Verizon is still the only major wireless carrier in the country to have taken an official stance on Carpenter v. the United States, a high-profile case set to be heard by the Supreme Court later this month and one which will have major implications for the manner in which the government is allowed to seize phone data from Americans. The New Jersey-based mobile service provider joined a legal brief with Google, Twitter, and a number of other tech giants in mid-August, urging the SCOTUS to find a balance between federal searches and users' general expectations of privacy.
Regardless of the ultimate ruling, the case is virtually guaranteed to reshape the regulatory framework in the country in regards to digital data that the government can request without a warrant, i.e. without probable cause while only relying on reasonable suspicion, a reasoning with a significantly weaker burden of proof. The SCOTUS voted to hear the dispute specifically with the goal of determining whether warrantless requests for phone data of private citizens constitute a violation of the Fourth Amendment which protects Americans against unlawful and unreasonable searches. The current interpretation of the law is based on decades-old third-party doctrine derived from two SCOTUS-issued rulings from the '70s and states that people willingly giving their data to non-government organizations like banks and telecommunications companies have no reasonable expectation of privacy as those entities are free to give their data to other actors, including the government. Carpenter v. U.S. may change that legal theory if the top judicial body in the country decides that the sole act of owning a phone doesn't eliminate all expectations of privacy only because the location data relayed to wireless carriers is stored on their own servers and not users' personal devices. While the case revolves around cell phone data obtained by the government from MetroPCS, it will also affect future requests for such information from Internet companies like Facebook and not just wireless carriers.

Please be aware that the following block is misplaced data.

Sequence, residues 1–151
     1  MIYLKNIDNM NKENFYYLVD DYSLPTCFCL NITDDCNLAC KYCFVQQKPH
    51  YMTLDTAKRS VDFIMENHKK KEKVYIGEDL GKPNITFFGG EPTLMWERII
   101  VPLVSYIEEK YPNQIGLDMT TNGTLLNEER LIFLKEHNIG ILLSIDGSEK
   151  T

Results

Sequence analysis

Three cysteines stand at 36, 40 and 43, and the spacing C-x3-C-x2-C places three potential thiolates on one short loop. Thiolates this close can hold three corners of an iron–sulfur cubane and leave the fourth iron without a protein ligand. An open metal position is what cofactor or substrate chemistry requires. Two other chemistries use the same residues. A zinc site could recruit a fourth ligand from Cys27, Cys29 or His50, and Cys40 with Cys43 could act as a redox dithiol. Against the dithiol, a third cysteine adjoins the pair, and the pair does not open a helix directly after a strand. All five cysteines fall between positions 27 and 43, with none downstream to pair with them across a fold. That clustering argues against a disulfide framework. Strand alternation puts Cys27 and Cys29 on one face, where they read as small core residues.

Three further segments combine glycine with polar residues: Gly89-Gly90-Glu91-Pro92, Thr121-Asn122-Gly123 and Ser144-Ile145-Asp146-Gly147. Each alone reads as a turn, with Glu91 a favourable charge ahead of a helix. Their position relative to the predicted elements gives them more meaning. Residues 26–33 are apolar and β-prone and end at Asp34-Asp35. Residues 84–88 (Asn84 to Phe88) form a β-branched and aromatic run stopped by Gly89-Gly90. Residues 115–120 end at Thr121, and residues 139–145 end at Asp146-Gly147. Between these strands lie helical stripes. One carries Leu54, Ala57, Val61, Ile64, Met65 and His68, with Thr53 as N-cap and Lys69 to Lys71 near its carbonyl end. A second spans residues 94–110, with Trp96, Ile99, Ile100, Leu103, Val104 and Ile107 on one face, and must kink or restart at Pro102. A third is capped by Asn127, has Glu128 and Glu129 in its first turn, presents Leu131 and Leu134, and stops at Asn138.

AT&T, T-Mobile, and Sprint have all been criticized by privacy advocacy groups for not taking a stance in the matter, which some industry watchers interpreted as a move to not strain their relationship with Washington whose licenses they need to operate, unlike digital companies that are less pressured to not criticize the government in this regard. Supporters of Mr. Carpenter's lawsuit also claim that the third-party doctrine was not established with contemporary smartphones in mind, claiming that the existing regulatory framework needs to be revised and become more nuanced in order to raise the rapidly declining bar of personal privacy in the U.S. Carpenter was originally indicted for a series of armed robberies conducted in Ohio and Michigan in 2010 and 2011, with his verdict partially relying on what he claims was unlawfully obtained smartphone data from MetroPCS.